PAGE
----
The vast majority of police officers protect and serve their communities with honor, integrity and professionalism. As president of AFSCME, a union that represents more than 100,000 public safety employees, I will always speak out when all officers are attacked based on the actions of a few.
During the past few months, our nation has been engaged in a long-overdue but no-less-difficult discussion about race, justice and the role of law enforcement. Let me be clear. Our union has long stood, unwavering, for the core values of the civil rights movement, with fairness and justice for all paramount among them. We will continue to do so. But our fight for justice and respect extends to all women and men who put themselves in harm's way every day, especially while in the line of duty as a law enforcement officer.
The members of our union will not condone officers abusing their communities' trust. But we will always stand with officers across this nation who keep us safe and who strengthen our communities. It is sickening to see law enforcement targeted with violence, as they have been nationwide in recent months.
Just a few days before Christmas, two officers in Brooklyn, New York, were gunned down in an ambush on their patrol car. This month in Philadelphia, a police officer was shot while protecting customers in a video store as a robbery unfolded. He'd stopped in to buy a game for his 8-year-old son, who'd made him proud with good grades. Last week, in Ferguson, Missouri, two officers were wounded -- deliberate shooting targets while keeping the peace at the protests that have embroiled the city.
In all, 116 officers were killed in 2014, leaving behind wives, husbands and children. These women and men answered a call to service. Every day, thousands more like them suit up to keep our streets safe, knowing full well that they might not make it home after their shift's end. They guard our homes and businesses. When disaster strikes, they come to the rescue. They face down criminals with automatic weapons -- entire arsenals in some cases -- while they themselves often carry only a service weapon.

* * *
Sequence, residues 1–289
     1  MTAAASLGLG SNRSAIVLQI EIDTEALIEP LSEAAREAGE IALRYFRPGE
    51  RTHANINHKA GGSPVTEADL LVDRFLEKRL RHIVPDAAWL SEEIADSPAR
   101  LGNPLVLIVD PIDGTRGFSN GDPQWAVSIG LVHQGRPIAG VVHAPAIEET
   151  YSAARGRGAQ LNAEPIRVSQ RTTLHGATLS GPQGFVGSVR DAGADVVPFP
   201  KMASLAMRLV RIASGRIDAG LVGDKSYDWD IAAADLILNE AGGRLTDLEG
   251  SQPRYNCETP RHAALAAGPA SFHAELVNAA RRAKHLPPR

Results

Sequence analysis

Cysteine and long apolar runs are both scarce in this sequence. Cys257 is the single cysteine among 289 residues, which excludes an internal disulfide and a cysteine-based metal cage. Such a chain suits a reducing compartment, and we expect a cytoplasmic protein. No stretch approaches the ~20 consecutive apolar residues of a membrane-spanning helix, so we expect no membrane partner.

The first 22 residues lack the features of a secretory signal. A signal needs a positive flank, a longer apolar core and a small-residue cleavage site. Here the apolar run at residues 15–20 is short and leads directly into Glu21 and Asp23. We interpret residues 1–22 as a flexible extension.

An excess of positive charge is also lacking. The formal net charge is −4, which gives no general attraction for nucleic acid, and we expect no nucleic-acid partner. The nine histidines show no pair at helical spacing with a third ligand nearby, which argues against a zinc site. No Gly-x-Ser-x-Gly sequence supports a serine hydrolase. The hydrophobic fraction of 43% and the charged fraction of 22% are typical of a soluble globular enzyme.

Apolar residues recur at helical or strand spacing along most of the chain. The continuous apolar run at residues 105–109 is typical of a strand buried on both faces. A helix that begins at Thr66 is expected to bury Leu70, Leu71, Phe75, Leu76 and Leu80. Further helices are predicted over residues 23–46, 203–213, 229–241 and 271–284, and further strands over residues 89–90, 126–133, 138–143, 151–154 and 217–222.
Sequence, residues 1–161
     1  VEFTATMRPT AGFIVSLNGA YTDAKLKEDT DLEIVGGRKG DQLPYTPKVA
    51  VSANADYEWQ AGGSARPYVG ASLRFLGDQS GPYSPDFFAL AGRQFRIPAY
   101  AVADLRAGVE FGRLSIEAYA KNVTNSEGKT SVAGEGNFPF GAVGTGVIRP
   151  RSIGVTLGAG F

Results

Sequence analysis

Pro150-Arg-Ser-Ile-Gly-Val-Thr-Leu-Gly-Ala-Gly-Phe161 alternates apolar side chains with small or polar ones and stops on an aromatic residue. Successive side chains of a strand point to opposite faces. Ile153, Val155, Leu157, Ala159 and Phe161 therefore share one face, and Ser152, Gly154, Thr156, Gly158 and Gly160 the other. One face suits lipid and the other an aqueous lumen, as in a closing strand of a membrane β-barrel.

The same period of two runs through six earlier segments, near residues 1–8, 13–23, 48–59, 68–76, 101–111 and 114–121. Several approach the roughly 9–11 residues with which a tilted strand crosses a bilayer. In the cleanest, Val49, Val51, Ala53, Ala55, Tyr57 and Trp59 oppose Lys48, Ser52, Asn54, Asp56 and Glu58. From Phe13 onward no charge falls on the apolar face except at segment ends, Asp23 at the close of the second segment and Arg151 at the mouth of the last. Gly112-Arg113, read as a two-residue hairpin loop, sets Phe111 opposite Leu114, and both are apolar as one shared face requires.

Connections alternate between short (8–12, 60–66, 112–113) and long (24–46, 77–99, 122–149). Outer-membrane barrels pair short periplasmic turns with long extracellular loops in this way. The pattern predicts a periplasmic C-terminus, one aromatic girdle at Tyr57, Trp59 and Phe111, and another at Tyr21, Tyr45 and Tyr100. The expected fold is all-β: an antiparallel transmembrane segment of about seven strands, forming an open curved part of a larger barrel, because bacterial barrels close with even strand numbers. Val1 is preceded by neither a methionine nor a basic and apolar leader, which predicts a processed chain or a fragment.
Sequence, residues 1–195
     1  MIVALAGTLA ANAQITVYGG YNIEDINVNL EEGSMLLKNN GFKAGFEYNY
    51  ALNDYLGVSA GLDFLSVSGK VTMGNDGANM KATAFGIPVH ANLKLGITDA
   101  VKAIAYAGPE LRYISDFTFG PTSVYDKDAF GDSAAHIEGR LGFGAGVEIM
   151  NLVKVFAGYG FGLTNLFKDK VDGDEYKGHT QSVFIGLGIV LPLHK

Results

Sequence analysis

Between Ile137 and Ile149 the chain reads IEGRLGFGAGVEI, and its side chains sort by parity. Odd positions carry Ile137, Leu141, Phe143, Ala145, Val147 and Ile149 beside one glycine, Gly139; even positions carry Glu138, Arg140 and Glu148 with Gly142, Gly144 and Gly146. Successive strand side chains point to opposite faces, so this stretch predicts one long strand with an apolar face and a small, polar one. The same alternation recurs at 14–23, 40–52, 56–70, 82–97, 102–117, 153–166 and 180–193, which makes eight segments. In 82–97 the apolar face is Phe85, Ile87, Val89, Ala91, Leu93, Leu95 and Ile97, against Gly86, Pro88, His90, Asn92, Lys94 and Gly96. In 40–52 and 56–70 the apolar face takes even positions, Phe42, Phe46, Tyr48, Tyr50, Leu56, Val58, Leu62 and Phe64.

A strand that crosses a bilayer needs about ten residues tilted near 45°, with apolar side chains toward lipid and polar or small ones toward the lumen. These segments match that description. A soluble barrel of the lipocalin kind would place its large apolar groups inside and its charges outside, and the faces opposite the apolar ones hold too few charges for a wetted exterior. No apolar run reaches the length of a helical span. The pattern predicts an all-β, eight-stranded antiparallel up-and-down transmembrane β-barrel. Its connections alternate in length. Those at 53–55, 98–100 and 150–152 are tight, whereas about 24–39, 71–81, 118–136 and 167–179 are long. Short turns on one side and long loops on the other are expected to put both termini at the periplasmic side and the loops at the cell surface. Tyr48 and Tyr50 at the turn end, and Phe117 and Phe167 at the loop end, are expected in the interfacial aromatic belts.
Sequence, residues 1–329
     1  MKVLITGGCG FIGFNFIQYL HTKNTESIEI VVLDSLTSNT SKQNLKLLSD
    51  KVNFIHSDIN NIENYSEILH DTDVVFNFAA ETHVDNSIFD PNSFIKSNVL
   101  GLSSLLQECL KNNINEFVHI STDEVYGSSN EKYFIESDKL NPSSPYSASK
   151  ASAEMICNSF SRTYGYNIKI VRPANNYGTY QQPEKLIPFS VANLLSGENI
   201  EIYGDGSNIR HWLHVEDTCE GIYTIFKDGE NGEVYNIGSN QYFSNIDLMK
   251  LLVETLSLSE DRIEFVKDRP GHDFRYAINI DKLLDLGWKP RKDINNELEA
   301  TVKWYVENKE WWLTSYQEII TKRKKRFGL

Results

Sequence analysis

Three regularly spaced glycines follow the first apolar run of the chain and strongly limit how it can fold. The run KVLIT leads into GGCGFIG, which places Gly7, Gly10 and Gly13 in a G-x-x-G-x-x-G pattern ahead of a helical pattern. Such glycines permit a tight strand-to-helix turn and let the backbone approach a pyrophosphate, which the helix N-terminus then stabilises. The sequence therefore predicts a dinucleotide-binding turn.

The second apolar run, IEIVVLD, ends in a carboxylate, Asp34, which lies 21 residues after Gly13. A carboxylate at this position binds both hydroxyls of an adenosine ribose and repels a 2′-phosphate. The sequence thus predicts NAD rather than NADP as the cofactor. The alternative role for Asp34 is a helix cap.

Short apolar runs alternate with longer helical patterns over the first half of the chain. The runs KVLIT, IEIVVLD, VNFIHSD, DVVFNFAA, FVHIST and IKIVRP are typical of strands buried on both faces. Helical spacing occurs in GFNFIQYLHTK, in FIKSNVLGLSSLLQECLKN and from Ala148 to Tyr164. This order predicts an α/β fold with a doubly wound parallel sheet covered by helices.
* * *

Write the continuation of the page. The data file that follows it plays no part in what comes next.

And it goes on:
And too often today, the danger they face is because a politician cut funding to their department without bothering to ask what kind of risk that would pose to our neighborhoods, or because a city council thought it would save some money by buying outdated equipment, only to find out that it was a bad deal that put lives in jeopardy.
When it's not danger they're facing, it's disrespect. That comes when police officer pensions are cut, when their collective bargaining rights are revoked, or when they're asked to pay more and more for healthcare benefits, or it comes from politicians like the Connecticut legislators who refused to provide treatment for post-traumatic stress to the brave officers who responded to the horrific shooting at Sandy Hook Elementary School.
And, finally, too often the disrespect police that officers face comes from their fellow citizens. When a handful of officers fail to uphold their duties or live up to our expectations, all are vilified in a media circus. Keyboard cowboys think nothing of firing off a tweet disrespecting police, knowing nothing of facing actual live fire.
We expect police officers to size up a dangerous situation instantly and make the right decision every time. We expect them to be social workers. We ask them to be humanitarians.
It is a mistake to think that because they are on the front lines, it's the role of police officers alone to fix the deep-rooted inequalities afflicting too many Americans. But officers must absolutely be active participants in an honest dialogue about the problems rooted in race and poverty that face our nation.
It is our job to figure out a way to make American life more fair and equitable for everyone, and we cannot ignore this opportunity to have a frank conversation that brings everyone to the table. Together, we must confront the difficult truths about who we are as a nation and set a course forward that strengthens our neighborhoods, be they urban or rural.
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